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Authorship for sale

12 February 2023

New information about authorship for sale

From time to time new publications about publishing and writing appear and I make a note that I will need to update my book chapters accordingly. A preprint on rXiv by Abalkina (2022) prompted this particular revision to How to Publish in Biological Sciences. You can find the full book chapter here: When should you be an author?

When William Blake wrote about the dark satanic mills, he wasn't thinking of the paper mills (see here) that are now a growing feature of academic life. However, the description seems rather apt. Like other aspects of academic publishing, when money is involved there are forever increasing ways in which integrity in academic publishing is compromised. 

Paper Mills

The concept of a paper mill is rather different from ghost authors or even salami-slicing (Part IV). Paper mills involve third parties, often not included on the author line acting as intermediaries. A paper mill may either be producing material for publication from scratch: i.e. companies that specialise in producing content that will pass peer review for those who want to buy authorship. Or they may be third party organisations that sell a position in the author line of a legitimate paper. Given that the world of paper mills is particularly shady, there is likely no hard distinction between these types of paper mill but a large grey blur between completely fake at one end and legitimate novel research (including non-legitimate authors) at the other.

Authorship for sale

A number of years ago there was evidence that first authorship on publications was for sale (Hvistendahl, 2013). We know is that there are benefits to those who are put on the author line. In many countries, being an author on a scientific research publication (sometimes with the stipulation that it is indexed by Scopus or Web of Science) is a requirement for obtaining graduation or promotion; especially in the medicine.

Adverts for authorship have appeared in social media (including Facebook and Telegram), stipulating the date of publication, the country of the journal, the number of co-authors and even the title of the research paper (Abalkina, 2022). Adverts indicated that buying authorship ranges from hundreds to thousands of USD, depending on the position in the author list and the perceived quality and Impact Factor of the journal. By matching historical adverts with subsequently published titles and authors, Abalkina (2022) managed to calculate the profits to one Russian publishing house (International Publisher LLC) to the tune of USD 6.5 million. While this ‘service’ was offered on Russian social media, the co-authors of advertised articles were from 39 countries. The nature of the adverts sometimes indicated editorial collaboration in the fraud, including having the editor as a co-author, thereby increasing the chances of publication success. Indeed, adverts often claimed no risk of rejection and no risk of detection given that editors and illegitimate authors both signed non-disclosure contracts with the publishing house.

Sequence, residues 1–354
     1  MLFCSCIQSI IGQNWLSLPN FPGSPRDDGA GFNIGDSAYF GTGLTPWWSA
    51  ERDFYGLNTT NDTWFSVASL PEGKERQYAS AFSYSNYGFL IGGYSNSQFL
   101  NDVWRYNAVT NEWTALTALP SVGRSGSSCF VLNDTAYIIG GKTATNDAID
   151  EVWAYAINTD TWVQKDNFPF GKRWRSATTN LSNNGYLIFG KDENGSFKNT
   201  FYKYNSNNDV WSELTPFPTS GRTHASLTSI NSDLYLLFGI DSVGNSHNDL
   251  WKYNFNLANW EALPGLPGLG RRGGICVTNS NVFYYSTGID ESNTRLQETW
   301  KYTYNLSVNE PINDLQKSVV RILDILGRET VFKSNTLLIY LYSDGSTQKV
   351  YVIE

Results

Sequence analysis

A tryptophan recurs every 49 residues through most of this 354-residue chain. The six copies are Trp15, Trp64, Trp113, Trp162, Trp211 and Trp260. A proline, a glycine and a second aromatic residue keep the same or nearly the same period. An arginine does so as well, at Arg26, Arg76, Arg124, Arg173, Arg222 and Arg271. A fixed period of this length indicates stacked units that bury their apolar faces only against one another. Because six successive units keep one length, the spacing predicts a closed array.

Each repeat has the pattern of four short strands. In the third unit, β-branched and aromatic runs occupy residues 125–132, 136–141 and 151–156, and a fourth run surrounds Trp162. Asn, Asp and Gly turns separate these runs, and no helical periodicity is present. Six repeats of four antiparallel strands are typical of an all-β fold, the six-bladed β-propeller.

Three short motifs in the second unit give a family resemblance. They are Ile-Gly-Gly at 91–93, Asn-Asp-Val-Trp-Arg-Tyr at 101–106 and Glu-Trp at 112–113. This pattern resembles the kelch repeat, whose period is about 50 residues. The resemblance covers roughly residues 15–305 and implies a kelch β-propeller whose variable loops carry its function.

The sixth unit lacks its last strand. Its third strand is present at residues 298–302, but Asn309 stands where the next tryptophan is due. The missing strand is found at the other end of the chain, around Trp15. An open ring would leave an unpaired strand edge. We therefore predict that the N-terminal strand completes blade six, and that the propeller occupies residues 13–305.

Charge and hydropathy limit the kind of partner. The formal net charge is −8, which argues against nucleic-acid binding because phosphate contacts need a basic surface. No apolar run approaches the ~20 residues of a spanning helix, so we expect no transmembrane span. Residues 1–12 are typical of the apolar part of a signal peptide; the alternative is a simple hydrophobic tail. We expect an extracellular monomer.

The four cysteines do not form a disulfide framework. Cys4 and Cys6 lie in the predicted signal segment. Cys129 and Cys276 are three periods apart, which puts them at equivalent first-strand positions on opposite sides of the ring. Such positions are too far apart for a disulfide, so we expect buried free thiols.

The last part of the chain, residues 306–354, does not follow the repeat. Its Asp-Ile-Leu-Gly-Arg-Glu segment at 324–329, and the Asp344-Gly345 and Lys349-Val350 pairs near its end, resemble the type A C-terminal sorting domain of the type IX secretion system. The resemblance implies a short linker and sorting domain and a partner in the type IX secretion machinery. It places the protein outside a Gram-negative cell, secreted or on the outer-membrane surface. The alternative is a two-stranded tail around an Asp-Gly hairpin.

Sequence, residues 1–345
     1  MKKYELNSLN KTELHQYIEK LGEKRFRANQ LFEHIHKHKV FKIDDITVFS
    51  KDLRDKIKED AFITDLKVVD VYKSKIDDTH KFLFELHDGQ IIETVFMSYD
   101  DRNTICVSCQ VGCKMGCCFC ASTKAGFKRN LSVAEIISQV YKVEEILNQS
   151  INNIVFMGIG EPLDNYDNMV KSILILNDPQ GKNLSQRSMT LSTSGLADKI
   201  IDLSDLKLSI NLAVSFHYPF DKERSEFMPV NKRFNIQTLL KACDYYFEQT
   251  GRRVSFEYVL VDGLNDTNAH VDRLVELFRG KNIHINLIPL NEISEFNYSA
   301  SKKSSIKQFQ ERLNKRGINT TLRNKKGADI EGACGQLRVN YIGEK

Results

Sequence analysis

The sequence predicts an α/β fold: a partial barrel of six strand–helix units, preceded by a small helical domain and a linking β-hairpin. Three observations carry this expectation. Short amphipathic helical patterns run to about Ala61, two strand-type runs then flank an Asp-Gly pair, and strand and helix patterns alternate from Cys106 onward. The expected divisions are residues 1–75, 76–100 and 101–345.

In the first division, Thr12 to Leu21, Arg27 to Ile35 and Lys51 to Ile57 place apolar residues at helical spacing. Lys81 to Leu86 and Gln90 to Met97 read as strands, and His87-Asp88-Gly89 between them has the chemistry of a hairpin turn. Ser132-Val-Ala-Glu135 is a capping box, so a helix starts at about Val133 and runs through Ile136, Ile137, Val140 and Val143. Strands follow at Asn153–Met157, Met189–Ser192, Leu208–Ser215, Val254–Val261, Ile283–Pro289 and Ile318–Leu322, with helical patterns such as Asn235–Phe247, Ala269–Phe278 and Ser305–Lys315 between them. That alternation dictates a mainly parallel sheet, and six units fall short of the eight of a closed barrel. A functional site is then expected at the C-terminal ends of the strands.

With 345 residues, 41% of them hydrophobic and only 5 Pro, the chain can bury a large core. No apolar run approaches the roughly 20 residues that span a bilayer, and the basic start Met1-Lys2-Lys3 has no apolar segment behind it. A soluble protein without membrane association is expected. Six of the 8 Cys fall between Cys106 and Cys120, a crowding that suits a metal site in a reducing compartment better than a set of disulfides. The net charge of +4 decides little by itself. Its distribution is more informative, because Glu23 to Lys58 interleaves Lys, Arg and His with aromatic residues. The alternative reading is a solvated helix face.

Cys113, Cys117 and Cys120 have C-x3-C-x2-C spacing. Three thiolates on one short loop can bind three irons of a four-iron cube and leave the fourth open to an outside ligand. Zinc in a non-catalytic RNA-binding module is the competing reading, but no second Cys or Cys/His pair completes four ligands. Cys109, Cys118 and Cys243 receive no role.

The size and global impact of this fraud has attracted international attention (Else, 2023), and the websites and many of the adverts on social media have since disappeared. However, given the countries influencing this trade in authorship includes China, Russia and Iran (Abalkina, 2022), we can expect that this trade will not disappear, but simply become less blatant in its nature.

What can you do? - Certainly it is good practice to know who your co-authors are, even if you don’t know them personally. If you are the corresponding author, it is your responsibility to know the contributions (and therefore legitimacy) of every author your paper’s author list (see below)

Fabrication of research

Writing fake research, or that which contains fake results and data, is covered in another part of this book (see Part IV). Those that produce the manuscripts generally rewrite text and pull protocols from manuscripts that are already published. Results are often images that have already been published and/or are manipulated to suit the content (Else & Van Noorden, 2021). Hence, paper mills are a systematic and deliberate manipulation of the publication process (see Teixeira da Silva, 2021).

Read More:

Abalkina A. 2022. Publication and collaboration anomalies in academic papers originating from a paper mill: Evidence from a Russia-based paper mill. DOI: 10.48550/arXiv.2112.13322.

Else H. 2023. Multimillion-dollar trade in paper authorships alarms publishers. Nature 613:617–618. DOI: 10.1038/d41586-023-00062-9.

Else H, Van Noorden R. 2021. The fight against fake-paper factories that churn out sham science. Nature 591:516–519. DOI: 10.1038/d41586-021-00733-5.

Hvistendahl M. 2013. China’s Publication Bazaar. Science 342:1035–1039. DOI: 10.1126/science.342.6162.1035.

Teixeira da Silva JA. 2021. Abuse of ORCID’s weaknesses by authors who use paper mills. Scientometrics. DOI: 10.1007/s11192-021-03996-x.

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